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May, Lou and Cass

Marianne, Louisa and Cassandra Knight - May, Lou and Cass - were Jane Austen's nieces. Austen played with them as children and she sewed and read with them as they grew up. Her influence on them would be lifelong. Although born in England, May, Lou and Cass lived in Ireland for substantial periods of time and all are buried there. Marianne, never married, and she lived in Ireland from 1879 until her death in 1896; Cassandra married Lord George Hill, youngest brother of the powerful Marquis of Downshire, who set up as an improving landlord on an estate in Donegal; and Louisa, after the death of Cassandra in childbirth, moved to Ireland to look after her sister's family and home. She finally married Lord George. In May, Lou and Cass, Sophia Hillan, writer and academic, draws on a vast range of sources - including housekeeping records, diaries, manuscripts and letters from repositories throughout Ireland and England - to tell for the first time the fascinating story of the Knight sisters. Full of high drama - like Austen's novels, the story of May, Lou and Cass has its fair share of elopements, love matches and tragedies - Hillan's story uncovers a rich new seam of material on Jane Austen and her family and provides a fascinating link between Regency England and the turbulent world of nineteenth-century Ireland.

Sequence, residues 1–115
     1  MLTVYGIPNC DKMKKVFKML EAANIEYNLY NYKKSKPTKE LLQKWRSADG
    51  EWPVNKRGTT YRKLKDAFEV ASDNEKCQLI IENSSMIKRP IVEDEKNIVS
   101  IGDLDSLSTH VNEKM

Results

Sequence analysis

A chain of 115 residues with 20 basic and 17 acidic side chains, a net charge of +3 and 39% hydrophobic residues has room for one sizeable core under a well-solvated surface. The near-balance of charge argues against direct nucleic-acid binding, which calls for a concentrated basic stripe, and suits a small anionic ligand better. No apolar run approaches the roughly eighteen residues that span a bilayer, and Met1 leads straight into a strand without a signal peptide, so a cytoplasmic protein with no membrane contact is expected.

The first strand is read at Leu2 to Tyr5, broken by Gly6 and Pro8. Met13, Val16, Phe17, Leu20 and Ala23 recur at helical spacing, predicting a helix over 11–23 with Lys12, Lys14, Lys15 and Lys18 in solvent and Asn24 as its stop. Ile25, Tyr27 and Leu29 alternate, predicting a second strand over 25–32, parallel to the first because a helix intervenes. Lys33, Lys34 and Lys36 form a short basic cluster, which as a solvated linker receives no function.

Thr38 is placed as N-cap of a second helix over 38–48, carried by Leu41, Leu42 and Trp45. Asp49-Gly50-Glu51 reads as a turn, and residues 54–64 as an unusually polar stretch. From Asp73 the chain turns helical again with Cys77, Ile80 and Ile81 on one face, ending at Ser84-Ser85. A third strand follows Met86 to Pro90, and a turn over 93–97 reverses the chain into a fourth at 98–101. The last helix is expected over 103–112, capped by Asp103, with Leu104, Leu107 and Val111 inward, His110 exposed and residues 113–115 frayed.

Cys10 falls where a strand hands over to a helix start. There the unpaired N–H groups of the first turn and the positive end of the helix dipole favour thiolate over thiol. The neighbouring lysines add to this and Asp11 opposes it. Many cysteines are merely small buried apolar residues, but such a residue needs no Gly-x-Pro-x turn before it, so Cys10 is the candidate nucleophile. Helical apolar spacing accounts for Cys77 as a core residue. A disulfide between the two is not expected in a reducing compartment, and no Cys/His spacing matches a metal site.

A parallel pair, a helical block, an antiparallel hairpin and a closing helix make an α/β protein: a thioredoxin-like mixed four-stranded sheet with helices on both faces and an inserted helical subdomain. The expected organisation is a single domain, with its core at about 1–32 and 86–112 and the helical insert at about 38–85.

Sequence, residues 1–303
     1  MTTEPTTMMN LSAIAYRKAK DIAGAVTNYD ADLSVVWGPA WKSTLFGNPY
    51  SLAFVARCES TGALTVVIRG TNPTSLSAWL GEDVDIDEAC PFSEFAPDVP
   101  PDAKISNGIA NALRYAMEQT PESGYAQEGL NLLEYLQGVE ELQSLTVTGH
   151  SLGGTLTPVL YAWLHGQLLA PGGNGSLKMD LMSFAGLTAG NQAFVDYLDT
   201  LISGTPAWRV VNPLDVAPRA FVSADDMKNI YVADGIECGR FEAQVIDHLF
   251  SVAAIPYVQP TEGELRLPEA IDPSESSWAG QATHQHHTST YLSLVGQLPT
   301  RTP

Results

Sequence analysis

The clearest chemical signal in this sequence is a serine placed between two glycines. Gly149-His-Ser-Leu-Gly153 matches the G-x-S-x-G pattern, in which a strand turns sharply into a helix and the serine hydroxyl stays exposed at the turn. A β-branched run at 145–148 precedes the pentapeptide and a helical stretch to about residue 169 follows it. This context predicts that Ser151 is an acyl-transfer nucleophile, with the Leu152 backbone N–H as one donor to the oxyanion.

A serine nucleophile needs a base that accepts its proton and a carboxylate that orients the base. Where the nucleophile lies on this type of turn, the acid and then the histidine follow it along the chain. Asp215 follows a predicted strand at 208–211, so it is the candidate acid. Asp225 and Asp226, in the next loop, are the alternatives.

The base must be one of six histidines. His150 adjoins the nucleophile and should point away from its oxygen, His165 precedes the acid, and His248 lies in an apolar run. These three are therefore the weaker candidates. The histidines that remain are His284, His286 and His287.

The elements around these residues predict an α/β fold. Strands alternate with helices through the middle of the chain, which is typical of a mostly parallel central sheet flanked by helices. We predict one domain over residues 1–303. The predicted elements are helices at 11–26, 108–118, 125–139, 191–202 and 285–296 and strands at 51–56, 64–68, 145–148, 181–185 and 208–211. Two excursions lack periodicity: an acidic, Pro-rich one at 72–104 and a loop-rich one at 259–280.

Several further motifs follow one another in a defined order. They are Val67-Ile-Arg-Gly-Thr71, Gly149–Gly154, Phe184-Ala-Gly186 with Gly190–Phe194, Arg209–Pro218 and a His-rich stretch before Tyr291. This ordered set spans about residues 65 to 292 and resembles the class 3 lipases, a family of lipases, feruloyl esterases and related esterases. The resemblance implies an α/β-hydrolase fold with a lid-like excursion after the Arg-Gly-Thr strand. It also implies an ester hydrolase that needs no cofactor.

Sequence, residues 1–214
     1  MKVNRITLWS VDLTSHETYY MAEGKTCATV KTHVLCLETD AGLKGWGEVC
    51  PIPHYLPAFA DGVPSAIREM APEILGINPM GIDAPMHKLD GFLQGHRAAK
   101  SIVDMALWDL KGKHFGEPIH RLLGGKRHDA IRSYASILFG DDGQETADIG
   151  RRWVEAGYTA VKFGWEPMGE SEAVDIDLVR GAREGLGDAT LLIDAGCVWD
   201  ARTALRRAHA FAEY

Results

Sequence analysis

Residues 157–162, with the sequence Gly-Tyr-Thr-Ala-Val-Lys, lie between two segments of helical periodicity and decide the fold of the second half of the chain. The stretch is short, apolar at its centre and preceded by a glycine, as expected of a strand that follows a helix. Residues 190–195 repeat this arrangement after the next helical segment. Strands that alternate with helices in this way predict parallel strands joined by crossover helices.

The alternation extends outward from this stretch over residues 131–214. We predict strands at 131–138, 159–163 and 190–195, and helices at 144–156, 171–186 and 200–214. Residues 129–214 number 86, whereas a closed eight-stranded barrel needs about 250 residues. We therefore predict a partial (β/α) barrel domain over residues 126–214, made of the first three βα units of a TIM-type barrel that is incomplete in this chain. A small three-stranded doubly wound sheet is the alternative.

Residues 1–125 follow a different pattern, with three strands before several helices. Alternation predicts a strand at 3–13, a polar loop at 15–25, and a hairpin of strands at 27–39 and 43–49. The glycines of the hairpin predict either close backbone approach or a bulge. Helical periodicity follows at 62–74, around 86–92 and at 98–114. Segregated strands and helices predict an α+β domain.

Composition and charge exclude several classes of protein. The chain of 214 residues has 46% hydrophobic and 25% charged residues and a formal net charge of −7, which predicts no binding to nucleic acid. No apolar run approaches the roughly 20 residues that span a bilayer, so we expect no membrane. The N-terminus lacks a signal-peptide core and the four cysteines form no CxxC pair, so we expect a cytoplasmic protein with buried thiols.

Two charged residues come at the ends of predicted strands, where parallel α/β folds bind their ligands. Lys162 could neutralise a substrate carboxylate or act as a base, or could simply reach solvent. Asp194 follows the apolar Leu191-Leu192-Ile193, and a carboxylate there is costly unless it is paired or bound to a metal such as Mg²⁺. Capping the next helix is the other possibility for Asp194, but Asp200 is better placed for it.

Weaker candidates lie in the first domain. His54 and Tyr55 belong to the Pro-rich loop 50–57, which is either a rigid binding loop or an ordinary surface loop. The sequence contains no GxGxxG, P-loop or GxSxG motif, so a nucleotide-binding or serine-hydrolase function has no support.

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About the Author

DR SOPHIA HILLAN was Director of the Queen's University of Belfast's Institute of Irish Studies MA programme at both Belfast and Armagh. Her published work includes The Silken Twine: A Study of the Works of Michael McLaverty (1989); and (as editor) In Quiet Places: The Uncollected Stories, Letters and Critical Prose of Michael McLaverty (1992); and her most recent work is The Edge of Dark: the Sense of Place in Writings of Sam Hanna Bell and Michael McLaverty (2001). Her short story, Roses, was featured as part of BBC Radio 4's, Up and Coming Irish Writers.


An extensively researched document of the lives of the landed gentry of 19th century in these islands. * Tirconaill Tribune * a must for all lovers of Irish history and of Jane Austen * Dungarvan Observer * interesting for Austen fans and a sturdy read for anyone curious about the 19th century * Irish Independent Review * beautifully researched and extremely detailed * Senior Times *

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